Khanh the Killjoy

Mara, Daughter of the Nile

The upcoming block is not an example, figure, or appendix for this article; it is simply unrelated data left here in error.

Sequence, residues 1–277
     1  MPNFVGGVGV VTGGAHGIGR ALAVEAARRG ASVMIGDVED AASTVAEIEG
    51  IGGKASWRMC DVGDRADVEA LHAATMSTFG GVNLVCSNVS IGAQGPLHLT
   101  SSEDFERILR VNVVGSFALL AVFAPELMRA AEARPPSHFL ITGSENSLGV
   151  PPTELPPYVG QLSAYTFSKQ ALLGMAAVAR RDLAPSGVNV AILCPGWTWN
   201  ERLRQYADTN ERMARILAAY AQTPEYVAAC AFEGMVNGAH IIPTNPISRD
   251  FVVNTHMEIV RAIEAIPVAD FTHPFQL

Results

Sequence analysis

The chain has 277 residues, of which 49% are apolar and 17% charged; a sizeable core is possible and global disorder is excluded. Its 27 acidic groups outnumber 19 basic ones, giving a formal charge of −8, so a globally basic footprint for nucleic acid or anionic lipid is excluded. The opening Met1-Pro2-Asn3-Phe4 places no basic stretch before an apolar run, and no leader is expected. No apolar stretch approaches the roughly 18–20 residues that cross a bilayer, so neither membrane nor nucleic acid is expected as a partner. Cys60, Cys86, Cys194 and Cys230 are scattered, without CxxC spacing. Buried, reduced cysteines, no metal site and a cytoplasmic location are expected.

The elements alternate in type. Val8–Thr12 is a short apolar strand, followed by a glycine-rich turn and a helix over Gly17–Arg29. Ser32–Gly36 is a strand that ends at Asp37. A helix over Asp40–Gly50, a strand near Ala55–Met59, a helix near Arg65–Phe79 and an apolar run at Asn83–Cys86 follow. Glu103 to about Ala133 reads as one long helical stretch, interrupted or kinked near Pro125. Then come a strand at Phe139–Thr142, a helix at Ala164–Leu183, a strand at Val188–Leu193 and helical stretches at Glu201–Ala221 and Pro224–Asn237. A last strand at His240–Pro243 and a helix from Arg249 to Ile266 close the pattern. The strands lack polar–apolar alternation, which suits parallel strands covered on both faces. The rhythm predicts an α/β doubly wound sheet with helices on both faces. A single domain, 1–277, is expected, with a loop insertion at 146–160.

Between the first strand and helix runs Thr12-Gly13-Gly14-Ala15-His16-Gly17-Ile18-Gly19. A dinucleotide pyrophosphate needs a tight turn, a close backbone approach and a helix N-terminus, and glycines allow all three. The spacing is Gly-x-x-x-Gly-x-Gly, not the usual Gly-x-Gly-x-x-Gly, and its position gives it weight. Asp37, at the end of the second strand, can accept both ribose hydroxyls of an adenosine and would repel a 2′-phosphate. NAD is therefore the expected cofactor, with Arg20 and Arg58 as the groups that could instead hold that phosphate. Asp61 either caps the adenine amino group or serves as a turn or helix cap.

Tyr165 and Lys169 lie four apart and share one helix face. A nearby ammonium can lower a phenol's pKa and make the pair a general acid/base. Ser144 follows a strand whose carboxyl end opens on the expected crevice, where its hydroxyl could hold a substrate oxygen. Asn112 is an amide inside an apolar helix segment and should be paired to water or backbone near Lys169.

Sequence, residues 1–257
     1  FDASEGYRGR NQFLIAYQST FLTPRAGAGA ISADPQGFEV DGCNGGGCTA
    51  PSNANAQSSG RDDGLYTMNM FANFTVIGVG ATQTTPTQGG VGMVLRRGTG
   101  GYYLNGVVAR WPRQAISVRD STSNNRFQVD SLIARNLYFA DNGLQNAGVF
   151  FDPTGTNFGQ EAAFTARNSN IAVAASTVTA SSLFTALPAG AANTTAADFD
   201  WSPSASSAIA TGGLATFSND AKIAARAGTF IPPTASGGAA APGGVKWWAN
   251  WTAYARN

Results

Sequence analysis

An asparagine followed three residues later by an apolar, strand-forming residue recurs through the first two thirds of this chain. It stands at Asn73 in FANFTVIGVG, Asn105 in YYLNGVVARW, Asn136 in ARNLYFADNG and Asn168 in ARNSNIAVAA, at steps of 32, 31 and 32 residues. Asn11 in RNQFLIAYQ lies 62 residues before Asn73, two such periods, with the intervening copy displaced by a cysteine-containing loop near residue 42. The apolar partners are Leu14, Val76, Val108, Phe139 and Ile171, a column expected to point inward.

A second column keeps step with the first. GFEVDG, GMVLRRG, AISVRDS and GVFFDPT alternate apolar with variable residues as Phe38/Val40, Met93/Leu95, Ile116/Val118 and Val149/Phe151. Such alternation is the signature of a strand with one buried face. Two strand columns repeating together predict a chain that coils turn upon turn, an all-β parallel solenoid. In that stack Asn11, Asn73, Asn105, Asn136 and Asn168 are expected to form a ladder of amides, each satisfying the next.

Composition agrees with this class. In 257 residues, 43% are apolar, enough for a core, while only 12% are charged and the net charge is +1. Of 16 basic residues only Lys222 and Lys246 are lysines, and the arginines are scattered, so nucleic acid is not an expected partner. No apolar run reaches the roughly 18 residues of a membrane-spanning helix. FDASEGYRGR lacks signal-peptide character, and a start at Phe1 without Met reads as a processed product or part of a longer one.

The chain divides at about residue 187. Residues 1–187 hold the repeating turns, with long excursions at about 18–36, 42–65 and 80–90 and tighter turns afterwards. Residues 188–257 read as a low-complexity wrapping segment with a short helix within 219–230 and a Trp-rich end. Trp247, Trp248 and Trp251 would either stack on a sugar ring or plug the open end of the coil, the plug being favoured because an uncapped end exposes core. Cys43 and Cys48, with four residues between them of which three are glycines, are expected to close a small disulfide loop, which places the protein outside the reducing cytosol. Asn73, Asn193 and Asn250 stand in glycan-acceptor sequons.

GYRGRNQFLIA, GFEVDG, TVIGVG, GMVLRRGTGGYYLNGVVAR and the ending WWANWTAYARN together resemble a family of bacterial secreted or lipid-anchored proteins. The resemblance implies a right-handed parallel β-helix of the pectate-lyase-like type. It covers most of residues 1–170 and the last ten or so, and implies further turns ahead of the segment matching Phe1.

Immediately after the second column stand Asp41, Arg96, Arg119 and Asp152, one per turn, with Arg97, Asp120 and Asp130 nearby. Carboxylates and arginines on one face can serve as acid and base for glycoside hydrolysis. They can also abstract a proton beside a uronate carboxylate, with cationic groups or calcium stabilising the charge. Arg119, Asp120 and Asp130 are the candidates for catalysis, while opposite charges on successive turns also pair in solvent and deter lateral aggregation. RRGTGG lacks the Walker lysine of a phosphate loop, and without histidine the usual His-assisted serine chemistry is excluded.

Mara, Daughter of the Nile - Eloise Jarvis McGraw "Then the stars went out, for the bark of Ra, in fiery splendor, burst out of the East. Sunshine flooded the wide desert and the long, green valley of the Nile. The night was over; a new day has dawned for the land of Egypt."Generally, I do not reread books. I have a short attention span, I constantly seek novelty, and once a book or a film has been watched, even if I greatly enjoyed it, I will never reach for it again. There are only a few books that I enjoy rereading, Mara, Daughter of the Nile has been one I have reached for repeatedly since I first read it and fell in love with it as a 12-year old girl. A few years ago, I donated a enormous amount of books after reluctantly admitting to myself that I will never touch them again after the initial reading: this book still occupies a place on my currently tiny and trimmed-down collection of paperbacks, and it's going nowhere.Call it nostalgia, if you will, but this is such a lovely little book, and it has occupied a dear space in my heart ever since. This is a solidly middle-grade novel, but I find that a great middle-grade novel is a wonderful thing. They are so essential to hook in a young reader and instill in them a love of reading that lasts a lifetime. These books have themes, they have believable, loveable, flawed characters. There's no psychoanalysis required of the characters, but they send such an important message to a young reader: you can be better than you think, you can be a good person, you can aim for higher than what you believe yourself capable. A small person can make a difference.The story is simple, the plot is straightforward. There is no overwhelming theme here of existence, no aspirations to grandeur, yet I love it just the same. I do confess to being a great fan of Ancient Egypt. The mythology, the people, the history; while I have read many books within this setting, telling stories of such exalted characters as Cleopatra, Nefertiti, King Tutankhamen, this wee book remains my favorite in the sadly rare genre of Egyptian fiction.Mara is a slave, she was not always one, but that has been her life for as long as she can remember. She is a foreign-born slave, captured with her late mother; Mara has blue eyes, which is reviled and feared by her master, and is different from most slaves in that she has been previously educated in reading and writing. She also has a more valuable commodity: the ability to speak Babylonian. It is for this purpose that Queen Hatshepsut's man initially buys her; she is to spy upon Prince Thutmose through his future bride. Mara is to play the interpreter for Princess the Canaanite princess, Inanni.Through a twist of fate, Mara ends up playing the unwilling double agent, with none the wiser. She ends up being a pawn for Lord Sheftu, who is working secretly in support of placing Prince Thutmose on the throne in place of his devious, destructive pharaoh sister, Queen Hatshepsut.Mara has no choice. She cannot reveal her role to either. To do so would be to risk death, truly, for the life of a slave is worth absolutely nothing to such powerful and wealthy men. Eventually, though, Mara has to choose a side, and one of her masters will prove himself to be a truly idealistic man, who is working towards a better future for Egypt. To get to her happy ending, Mara must rely on her own wits throughout the intrigue, throughout the danger. She has to overcome her own prejudices, and decide whether luxury and freedom is preferable to doing what she knows is right...despite the fact that it could cost her everything, including her life.I loved Mara's determination. Yes, she is selfish initially, but this is a girl who has been a slave, mistreated, ill-fed, feared for her freakish colored eyes, of all things. She has endured hardship, beating, and so when she is given a chance at freedom, she takes it. And boy does she love what that little taste of freedom has to bring. "[The clothes] were not too lavish...but to her it was unimaginable luxury. And as she shook the garments out one by one and looked at them, she felt again the fierce determination that nothing, nobody must stand in the way of her possessing such things always, freedom and gold and a life worth living---gardens with lotus blooming in the fishpool...rows and rows of papyrus scrolls on the shelves in a beautiful room.So she dreamed."Mara is not perfect; despite being a slave, she feels herself to be a true Egyptian, and looks down upon the foreign princess Inanni. Mara is patronizing towards Inanni's full figure, which is admired by her people, but reviled by the Egyptians, who prefer a slim silhouette. Inanni's strange clothes, her customs, her fear towards anything Egyptian is viewed condescendingly by the haughty Mara. Eventually, Mara grows to realize her own faults, and realizes that she has been underestimating her princess' strengths. There is some romance in here, nothing too steamy, nothing inappropriate at all for the middle-grade audience. It grows step by step, there is no insta-love, as enemies grow to be friends, and then perhaps something more.I absolutely loved the bits of Egyptian culture in this book. The descriptions of food, of customs, of cosmetics and clothing, of daily minutiae. I don't find that the adult novels of this nature does so well in the descriptions of little details as this one did. The writing is beautiful, the speech pattern is strange, in some way, but does not feel out of place in this setting; I actually really loved the formal, slightly archaic quality of the speech in this book. The descriptions are beautifully described, in the way that Eloise McGraw does so well in all her children's books.Highly recommended for anyone, of any age.